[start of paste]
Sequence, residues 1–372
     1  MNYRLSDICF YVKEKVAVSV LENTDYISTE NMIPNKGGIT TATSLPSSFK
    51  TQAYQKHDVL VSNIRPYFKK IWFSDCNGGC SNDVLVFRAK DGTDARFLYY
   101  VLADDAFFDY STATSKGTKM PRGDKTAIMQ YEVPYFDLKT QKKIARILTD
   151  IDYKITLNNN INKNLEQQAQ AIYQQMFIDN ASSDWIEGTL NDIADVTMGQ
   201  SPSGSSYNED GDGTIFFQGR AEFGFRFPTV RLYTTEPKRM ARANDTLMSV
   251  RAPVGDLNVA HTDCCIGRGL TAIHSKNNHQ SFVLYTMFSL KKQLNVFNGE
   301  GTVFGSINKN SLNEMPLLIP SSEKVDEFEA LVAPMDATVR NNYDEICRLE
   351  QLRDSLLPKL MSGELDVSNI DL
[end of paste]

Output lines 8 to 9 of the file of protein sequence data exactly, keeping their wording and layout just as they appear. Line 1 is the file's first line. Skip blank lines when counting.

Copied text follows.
   301  GTVFGSINKN SLNEMPLLIP SSEKVDEFEA LVAPMDATVR NNYDEICRLE
   351  QLRDSLLPKL MSGELDVSNI DL